Medical Crises for Seniors: Some Suggestions

A financial issue for senior citizens that hasn’t received much attention relates to medical crises, a phenomenon that many of us are exposed to as we age. Medical problems increase following retirement; emotional and financial decisions must be faced as those problems arise.

There is very little one can do to be prepared emotionally for a medical crisis; however, there is a great deal that can be done to be prepared financially. SCJ recommends the following considerations for financial preparedness in the face of medical crises:

• Make decisions NOW, when you are not in the midst of a crisis having to deal with serious medical decisions and feeling overwhelmed emotionally;

• Be sure you and your spouse/significant other have medical power of attorney documents completed, signed and copied to those in your family/friendship circle with whom you have assigned responsibility for your care;

• In addition, be sure you and your spouse/significant other have general power of attorney documents completed, signed and copied to those in your family/friendship circle with whom you have assigned responsibility for your finances and any other decisions that may need to be made in the event you are unable to make these decisions;

• Short of being unable to decide for yourself, when a medical crisis occurs, meet at the hospital with family members or friends who have been assigned responsibility for medical and financial decisions; tell them what you want them to do and how you want them to proceed with your care;

• Review your will and any trust documents you may have; be sure these documents are reviewed by an attorney in the state in which you reside; states have different laws regarding these documents and you need to be sure yours are in compliance with the state in which you live;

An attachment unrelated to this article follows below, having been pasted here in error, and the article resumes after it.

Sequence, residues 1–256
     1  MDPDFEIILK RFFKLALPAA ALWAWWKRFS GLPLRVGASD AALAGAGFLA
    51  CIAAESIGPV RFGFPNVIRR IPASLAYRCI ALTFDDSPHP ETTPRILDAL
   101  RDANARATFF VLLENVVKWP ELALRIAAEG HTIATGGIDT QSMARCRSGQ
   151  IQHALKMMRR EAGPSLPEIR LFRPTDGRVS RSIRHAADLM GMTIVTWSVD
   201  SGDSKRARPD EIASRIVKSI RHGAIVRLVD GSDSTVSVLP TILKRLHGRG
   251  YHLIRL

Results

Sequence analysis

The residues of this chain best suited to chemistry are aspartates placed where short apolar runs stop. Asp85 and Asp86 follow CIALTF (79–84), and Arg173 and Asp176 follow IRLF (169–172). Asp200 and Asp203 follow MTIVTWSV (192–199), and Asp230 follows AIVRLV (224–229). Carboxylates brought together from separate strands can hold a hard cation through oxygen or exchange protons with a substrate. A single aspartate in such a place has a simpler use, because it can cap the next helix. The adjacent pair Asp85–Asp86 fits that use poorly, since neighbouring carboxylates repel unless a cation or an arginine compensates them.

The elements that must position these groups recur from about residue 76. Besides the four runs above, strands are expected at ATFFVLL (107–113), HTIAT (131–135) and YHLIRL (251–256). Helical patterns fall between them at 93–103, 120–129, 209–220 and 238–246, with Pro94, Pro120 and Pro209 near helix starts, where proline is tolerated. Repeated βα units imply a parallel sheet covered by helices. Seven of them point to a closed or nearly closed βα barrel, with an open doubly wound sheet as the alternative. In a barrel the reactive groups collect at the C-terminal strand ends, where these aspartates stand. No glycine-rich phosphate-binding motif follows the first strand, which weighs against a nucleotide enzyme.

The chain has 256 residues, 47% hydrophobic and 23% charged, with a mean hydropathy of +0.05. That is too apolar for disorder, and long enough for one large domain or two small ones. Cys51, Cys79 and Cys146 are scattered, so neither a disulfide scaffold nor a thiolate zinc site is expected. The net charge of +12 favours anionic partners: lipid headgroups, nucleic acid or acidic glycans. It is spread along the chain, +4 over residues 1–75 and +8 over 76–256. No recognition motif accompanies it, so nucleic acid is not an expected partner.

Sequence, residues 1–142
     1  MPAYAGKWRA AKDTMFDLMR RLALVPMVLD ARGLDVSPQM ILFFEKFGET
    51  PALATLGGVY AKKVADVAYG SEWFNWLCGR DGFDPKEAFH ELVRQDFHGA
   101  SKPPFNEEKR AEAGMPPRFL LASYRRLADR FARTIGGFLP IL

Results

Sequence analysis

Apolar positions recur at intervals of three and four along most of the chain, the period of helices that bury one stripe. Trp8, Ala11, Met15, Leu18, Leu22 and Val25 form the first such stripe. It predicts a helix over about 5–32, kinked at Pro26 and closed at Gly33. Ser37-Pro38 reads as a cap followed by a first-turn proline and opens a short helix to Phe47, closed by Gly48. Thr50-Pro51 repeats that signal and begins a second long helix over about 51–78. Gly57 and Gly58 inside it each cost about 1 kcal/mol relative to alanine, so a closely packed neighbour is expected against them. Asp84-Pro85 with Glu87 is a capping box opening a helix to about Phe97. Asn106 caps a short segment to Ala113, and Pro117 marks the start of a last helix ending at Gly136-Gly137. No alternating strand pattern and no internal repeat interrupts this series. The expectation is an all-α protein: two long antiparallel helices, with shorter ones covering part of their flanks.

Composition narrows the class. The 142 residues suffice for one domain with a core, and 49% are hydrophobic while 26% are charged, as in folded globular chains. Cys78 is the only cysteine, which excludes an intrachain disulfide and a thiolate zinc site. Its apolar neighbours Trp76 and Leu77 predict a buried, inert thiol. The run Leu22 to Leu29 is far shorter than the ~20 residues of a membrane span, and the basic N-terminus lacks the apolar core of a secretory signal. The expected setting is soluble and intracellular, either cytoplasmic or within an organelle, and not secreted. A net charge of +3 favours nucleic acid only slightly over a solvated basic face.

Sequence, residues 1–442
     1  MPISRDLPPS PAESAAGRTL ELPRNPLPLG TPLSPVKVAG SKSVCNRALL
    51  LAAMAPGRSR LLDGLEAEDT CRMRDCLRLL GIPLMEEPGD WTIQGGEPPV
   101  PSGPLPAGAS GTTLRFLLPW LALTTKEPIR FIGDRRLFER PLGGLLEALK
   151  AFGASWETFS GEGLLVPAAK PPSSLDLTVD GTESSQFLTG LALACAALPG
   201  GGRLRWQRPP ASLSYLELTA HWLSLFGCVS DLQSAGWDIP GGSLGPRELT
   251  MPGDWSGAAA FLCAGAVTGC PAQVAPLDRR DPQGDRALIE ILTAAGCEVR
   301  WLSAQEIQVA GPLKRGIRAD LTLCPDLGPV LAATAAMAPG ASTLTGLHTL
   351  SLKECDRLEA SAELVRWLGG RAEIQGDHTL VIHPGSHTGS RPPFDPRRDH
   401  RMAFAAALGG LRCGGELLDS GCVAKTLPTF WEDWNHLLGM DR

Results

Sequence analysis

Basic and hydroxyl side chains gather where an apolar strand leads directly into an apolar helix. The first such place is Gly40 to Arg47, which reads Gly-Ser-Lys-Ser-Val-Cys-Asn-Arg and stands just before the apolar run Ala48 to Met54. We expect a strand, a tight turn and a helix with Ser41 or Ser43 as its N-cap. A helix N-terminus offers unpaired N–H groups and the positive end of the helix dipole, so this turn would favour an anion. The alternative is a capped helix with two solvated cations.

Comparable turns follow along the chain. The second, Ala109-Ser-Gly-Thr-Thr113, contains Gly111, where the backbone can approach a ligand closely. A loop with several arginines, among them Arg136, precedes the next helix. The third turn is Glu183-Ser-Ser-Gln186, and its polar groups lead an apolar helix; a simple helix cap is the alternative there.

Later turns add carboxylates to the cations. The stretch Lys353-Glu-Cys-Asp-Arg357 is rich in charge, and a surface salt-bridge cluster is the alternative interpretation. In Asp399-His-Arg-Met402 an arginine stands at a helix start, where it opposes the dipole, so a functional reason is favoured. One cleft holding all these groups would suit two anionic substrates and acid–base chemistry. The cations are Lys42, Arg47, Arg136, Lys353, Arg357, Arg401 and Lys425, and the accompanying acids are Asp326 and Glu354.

• If the medical crisis occurs with a friend or family member (not you) for whom you have medical or financial responsibility, be sure the documents assigning such responsibility to you are current and comply with state law; such documents may need to be reviewed by an attorney from time to time, prior to a medical crisis hopefully, to be sure they are in compliance;

• If the medical crisis occurs with a friend or family member who becomes incapacitated and you have previously been assigned responsibility in a document known as a Durable Power of Attorney, you are known as an ‘Agent’ for the one who is incapacitated; there are a host of legal issues that then must be addressed, including identifying the incapacitated one’s assets and managing those assets to facilitate care for the ill person; the Agent has responsibility to understand and follow the Durable POA carefully; it is a role to be assumed with careful attention to detail; any move that has the appearance of being self-serving must be avoided.

• It stands to reason that the Agent should keep meticulous records about decisions made on behalf of the incapacitated person; a journal is highly recommended;

• Lacking a Durable or General Power of Attorney, you are in a much more difficult position; an attorney specializing in Elder Law should be consulted; ultimately you may need to consider being assigned as a Guardian, a role that is supervised by a local city or county court, in which you are assigned responsibility to make decisions on behalf of the person who is unable to make those decisions him/herself; court supervision is critical to be sure the needs of the one who is incapacitated are met and protected.

There are many legal issues that can be addressed with documents executed (prepared and signed) before a medical crisis occurs. Again, an attorney who specializes in issues specific to the senior citizen years should be consulted about the possible options any given situation may call for. That attorney can help you determine the options and guide you through the decision-making process to insure your needs, or those of your loved one(s), are being met when and if a medical crisis occurs.